PREFACE: Lil Wayne’s newest record, Rebirth, was accidentally shipped to some 500 Amazon customers who had preordered it. I was lucky enough to track down one of the physical copies. It appears that this leak has caused Universal to delay the album and possibly rework the track listing.
When Lil Wayne first announced that he was going to release a hard-rock-influenced album, it seemed like a good idea. Ice-T’s Body Count was excellent, and N.W.A.’s final album, Efil4zaggin, touched on similar territory. This type of album has regrettably been left fallow by most of modern hip hop. Wayne, at the height of his “Lollipop” cultural cache seemed poised to reinvent genre. Unfortunately, Wayne was culling inspiration from an entirely different decade of rock-rap crossovers.
Instead of taking his cue from early gangsta rap, Wayne appears to have planned out Rebirth after listening to the collected works of Staind, Limp Bizkit, Linkin Park and the rest of KROQ’s favorite mid-’90s pseudo-punk posers.
Rebirth is one of the worst albums I have ever had the misfortune of encountering. In spite of the cavalcade of guest musicians, ranging from Travis Barker to Eminem, every one of the album’s execrable tracks sounds thin and overproduced, with needless distortion and enough auto-tune to drown a small woodland creature. The hooks are nearly absent, and Wayne’s shockingly stupid lyrics are often entirely offbeat to the rhythm. Approximately a third of the tracks devolve into little more than Wayne semi-coherently yelping about how awesome a rock star he thinks he is. It’s enough to make one pine for the cheap, shrill whirring of Mannie Fresh’s production on “Tha Block is Hot.”
Wayne’s saving grace has often been his propensity toward stream-of-consciousness narratives that lead to delirious punch lines about topics as varied as the movie “Gremlins” or cars without break lights. This strange wit is absent on Rebirth. In fact, this album is entirely humorless, if one discounts the unintentional gales of laughter that tracks like “Politics (Featuring Gudda Gudda)” are sure to inspire.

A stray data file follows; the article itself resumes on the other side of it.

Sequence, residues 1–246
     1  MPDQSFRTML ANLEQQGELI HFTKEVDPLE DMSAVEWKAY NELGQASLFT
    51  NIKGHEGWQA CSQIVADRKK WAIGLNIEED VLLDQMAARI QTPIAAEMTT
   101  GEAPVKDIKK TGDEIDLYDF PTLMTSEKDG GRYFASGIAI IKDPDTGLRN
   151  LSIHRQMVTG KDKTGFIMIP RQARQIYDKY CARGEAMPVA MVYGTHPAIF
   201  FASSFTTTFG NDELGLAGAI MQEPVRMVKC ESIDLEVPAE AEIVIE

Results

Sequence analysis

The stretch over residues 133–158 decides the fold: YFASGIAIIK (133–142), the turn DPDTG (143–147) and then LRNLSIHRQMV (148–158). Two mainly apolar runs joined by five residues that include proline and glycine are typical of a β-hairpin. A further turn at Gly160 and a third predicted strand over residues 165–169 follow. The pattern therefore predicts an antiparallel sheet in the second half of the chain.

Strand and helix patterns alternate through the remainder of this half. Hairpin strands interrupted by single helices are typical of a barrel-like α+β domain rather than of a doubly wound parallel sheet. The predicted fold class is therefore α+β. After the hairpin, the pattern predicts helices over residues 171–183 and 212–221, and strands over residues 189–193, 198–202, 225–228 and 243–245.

And not only are the jokes missing, but Wayne’s ability to invent concepts for his songs also seems to have evaporated. The album’s first single, “Prom Queen,” steals its central conceit from Avril Lavigne’s “Sk8er Boi,” flipping the genders and turning up the misogyny to 11.
The second single, “Hot Revolver,” which represents the album’s only track worthy of a playlist (and, as rumor has it, a track that might not make it to the final album), is a typical hip hop trope where Wayne gets stoned, sleeps with a groupie and tells her that he doesn’t want a relationship. It’s dumb, but innocuous, and even catchy until the final verse where Wayne returns from touring, sneaks into the woman’s window and finds a man’s shoe. He then plans to find her, beat her, tie her boyfriend up and throw him in the river. So not only does Wayne find himself sounding like Insane Clown Posse; his content is also befitting of the Psychopathic Records legacy.
This album is career-endingly bad and it is clear throughout that Wayne, whether by virtue of a bit too much weed and sizzurp or simple id-gone-wild on Planet Wheezy, has no clue that he’s not making a classic. Wayne has somehow outdone all the wiggers and produced what is likely the worst album of all time.
Hopefully, Wayne’s upcoming prison term will give him some time to detox and maybe even gain some perspective. The promised Tha Carter IV offers new hope, but Rebirth in its current form is, frankly, a musical miscarriage.